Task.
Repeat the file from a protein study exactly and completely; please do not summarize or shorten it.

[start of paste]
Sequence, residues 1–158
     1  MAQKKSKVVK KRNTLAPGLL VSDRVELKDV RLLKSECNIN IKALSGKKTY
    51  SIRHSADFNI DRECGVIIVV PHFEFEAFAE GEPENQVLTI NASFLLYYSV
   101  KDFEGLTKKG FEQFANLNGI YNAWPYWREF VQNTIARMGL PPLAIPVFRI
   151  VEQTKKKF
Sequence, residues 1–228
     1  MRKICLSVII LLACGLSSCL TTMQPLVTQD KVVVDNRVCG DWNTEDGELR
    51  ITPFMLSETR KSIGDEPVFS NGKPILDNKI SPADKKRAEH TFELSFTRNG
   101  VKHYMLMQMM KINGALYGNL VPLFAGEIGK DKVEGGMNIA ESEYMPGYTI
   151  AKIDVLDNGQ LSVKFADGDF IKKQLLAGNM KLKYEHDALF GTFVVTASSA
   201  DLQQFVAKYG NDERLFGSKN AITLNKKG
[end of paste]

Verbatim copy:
Sequence, residues 1–158
     1  MAQKKSKVVK KRNTLAPGLL VSDRVELKDV RLLKSECNIN IKALSGKKTY
    51  SIRHSADFNI DRECGVIIVV PHFEFEAFAE GEPENQVLTI NASFLLYYSV
   101  KDFEGLTKKG FEQFANLNGI YNAWPYWREF VQNTIARMGL PPLAIPVFRI
   151  VEQTKKKF
Sequence, residues 1–228
     1  MRKICLSVII LLACGLSSCL TTMQPLVTQD KVVVDNRVCG DWNTEDGELR
    51  ITPFMLSETR KSIGDEPVFS NGKPILDNKI SPADKKRAEH TFELSFTRNG
   101  VKHYMLMQMM KINGALYGNL VPLFAGEIGK DKVEGGMNIA ESEYMPGYTI
   151  AKIDVLDNGQ LSVKFADGDF IKKQLLAGNM KLKYEHDALF GTFVVTASSA
   201  DLQQFVAKYG NDERLFGSKN AITLNKKG